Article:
Last month we reported on the likely departure of Dr. Steven Chu as head of the DOE and we listed some potential replacements.
But there have been conflicting statements as to Chu's current status.
Bloomberg reports that Chu's resignation announcement is imminent. In response, two weeks ago, the DOE issued a statement saying that, "Dr. Chu is focused on his job as secretary each day and hasn’t made any announcements about his future plans." That came from Bill Gibbons, Energy Department spokesman, in an e-mailed statement.
Well, it is now official. Energy Secretary Steven Chu has just announced he intends to resign once a successor is named.
Ninja billionaire hedge-fund manager and advanced energy advocate Tom Steyer is reportedly on the short list of replacements.
Steyer is the founder of Farallon Capital Management and the co-founder of OneCalifornia Bank. He also created the TomKat Center for Sustainable Energy at Stanford University. Last year Steyer said, "The failure of Solyndra has cast a shadow over advanced energy in the country -- especially in D.C.," at an ACORE-sponsored Renewable Energy Finance and Investment Network event in San Francisco, California.
The picture being painted in the press is very misleading, according to Steyer. Steyer gave some reasons to be cheerful, including a new miles-per-gallon standard and that the majority of respondents in a field poll support carbon legislation.
Steyer made a distinction between renewable energy and advanced energy. Steyer views the shift from coal to natural gas and the focus on energy efficiency as part of this move to advanced energy.
Steyer has spoken of coalition building, saying, "If the fight is jobs versus the environment -- we'll lose," adding, "We need the right messenger. The American Lung Association has been fighting for health and we need them on our side. We need business people. We need the right message and right messenger."
He suggested, perhaps controversially, that "we need to push for the end of all subsidies."
Political consultant Paul Bledsoe, quoted in Politico, noted that lawmakers have relationships on Capitol Hill, while governors’ executive experience can help bring GOP support.
“The sweet spot here for Energy Secretary at this political moment is someone who is expert at DOE programmatics and well liked on the Hill,” said Paul Bledsoe, an environmental aide in the Clinton administration, to Politico.
Rob Day writes that the DOE "needs to transition from a focus on technological innovation (without losing the progress made there) to a focus on commercialization and consensus-building."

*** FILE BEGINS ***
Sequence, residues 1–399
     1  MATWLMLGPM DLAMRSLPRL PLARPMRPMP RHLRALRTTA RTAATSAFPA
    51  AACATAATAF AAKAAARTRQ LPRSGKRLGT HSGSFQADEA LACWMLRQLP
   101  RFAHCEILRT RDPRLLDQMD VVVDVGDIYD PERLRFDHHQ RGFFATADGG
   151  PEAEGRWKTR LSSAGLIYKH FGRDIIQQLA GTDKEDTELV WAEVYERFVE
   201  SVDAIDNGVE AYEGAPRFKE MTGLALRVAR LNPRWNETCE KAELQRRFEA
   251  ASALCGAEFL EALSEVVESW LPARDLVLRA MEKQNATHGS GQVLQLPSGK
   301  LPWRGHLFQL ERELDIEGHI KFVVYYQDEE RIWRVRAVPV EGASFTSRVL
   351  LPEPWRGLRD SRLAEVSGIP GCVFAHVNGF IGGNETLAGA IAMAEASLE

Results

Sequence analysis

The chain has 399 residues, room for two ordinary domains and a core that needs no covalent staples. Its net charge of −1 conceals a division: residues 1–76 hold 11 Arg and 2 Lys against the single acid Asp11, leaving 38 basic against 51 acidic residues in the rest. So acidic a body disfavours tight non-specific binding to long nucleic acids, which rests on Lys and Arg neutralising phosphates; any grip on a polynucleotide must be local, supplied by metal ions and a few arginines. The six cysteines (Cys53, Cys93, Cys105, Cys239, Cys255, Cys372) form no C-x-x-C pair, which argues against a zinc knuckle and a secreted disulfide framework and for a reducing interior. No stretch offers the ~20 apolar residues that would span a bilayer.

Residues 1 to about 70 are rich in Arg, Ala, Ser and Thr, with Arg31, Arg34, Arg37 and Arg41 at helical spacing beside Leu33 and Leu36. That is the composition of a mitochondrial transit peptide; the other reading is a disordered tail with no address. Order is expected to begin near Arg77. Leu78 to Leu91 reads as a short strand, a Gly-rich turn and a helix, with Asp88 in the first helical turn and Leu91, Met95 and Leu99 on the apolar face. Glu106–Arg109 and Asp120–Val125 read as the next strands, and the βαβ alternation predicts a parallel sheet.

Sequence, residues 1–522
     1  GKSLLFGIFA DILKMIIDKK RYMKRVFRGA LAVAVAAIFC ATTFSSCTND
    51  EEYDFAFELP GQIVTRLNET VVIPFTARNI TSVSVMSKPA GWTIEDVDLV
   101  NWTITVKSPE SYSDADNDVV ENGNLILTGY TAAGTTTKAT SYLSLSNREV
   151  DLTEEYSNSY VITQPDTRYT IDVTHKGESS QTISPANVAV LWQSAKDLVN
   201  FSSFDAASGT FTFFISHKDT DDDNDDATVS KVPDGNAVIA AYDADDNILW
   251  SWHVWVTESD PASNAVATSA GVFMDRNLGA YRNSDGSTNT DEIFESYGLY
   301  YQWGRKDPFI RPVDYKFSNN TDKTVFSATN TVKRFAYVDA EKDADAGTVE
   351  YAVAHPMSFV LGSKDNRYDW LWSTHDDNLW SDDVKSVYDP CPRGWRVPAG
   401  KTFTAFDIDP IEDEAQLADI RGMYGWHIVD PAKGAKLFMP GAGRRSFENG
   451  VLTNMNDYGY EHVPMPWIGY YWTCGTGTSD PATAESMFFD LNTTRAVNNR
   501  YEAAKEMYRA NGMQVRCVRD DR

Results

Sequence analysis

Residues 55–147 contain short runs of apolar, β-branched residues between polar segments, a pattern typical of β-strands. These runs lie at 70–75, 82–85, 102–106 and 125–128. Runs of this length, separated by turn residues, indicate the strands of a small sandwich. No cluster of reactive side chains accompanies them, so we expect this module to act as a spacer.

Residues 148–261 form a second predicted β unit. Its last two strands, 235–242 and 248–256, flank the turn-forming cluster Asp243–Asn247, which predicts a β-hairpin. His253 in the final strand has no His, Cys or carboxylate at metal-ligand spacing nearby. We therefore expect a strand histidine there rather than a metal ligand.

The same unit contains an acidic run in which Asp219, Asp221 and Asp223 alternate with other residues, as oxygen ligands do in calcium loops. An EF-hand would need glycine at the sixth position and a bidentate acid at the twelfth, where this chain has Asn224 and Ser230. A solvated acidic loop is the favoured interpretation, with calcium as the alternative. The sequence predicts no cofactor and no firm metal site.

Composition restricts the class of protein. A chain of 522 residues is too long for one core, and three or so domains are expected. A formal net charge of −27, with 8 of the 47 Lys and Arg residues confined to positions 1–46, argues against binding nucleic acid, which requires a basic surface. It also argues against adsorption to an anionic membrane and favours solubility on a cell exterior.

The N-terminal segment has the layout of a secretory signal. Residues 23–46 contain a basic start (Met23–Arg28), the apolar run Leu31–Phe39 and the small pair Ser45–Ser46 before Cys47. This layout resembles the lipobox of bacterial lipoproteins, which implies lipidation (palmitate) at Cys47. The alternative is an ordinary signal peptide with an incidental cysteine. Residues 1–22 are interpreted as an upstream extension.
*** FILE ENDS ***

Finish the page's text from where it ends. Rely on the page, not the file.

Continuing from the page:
Who could get that job done? Who gets to guide Obama's energy policy, such as it is, over the next four years?
We've had a Nobel Prize-winning scientist in Chu. Perhaps we need a DOE Secretary who is more of an engineer, financier, or CEO. Who would be the right person for the job?
Here's an excerpt of Secretary Chu's letter, issued today, in which he outlines his accomplishments during his tenure:Dear Colleagues:Serving the country as Secretary of Energy, and working alongside such an extraordinary team of people at the Department, has been the greatest privilege of my life. While the job has had many challenges, it has been an exciting time for the Department, the country, and for me personally.I’ve always been inspired by Dr. Martin Luther King, who articulated his Dream of an America where people are judged not by skin color but “by the content of their character.” In the scientific world, people are judged by the content of their ideas. Advances are made with new insights, but the final arbitrator of any point of view are experiments that seek the unbiased truth, not information cherry picked to support a particular point of view. The power of our work is derived from this foundation.This is the approach I’ve brought to the Department of Energy, where I believe we should be judged not by the money we direct to a particular State or district, company, university or national lab, but by the character of our decisions. The Department of Energy serves the country as a Department of Science, a Department of Innovation, and a Department of Nuclear Security.I have worked each day to move the Department in a direction where the political leadership and highest levels of career managers have the intellectual curiosity and wisdom to learn from the people who reported to them and where the subject matter experts – which should include managers at the highest levels – as well as employees at our national laboratories welcome their counsel and help. I grew up and matured in organizations where a graduate student or staff scientist could have a discussion with a company department head, a professor, a national lab director and be heard, not because of their rank in the organization, but because of the quality of their ideas.I came with dreams, and am leaving with a set of accomplishments that we should all be proud of. Those accomplishments are because of all your dedication and hard work.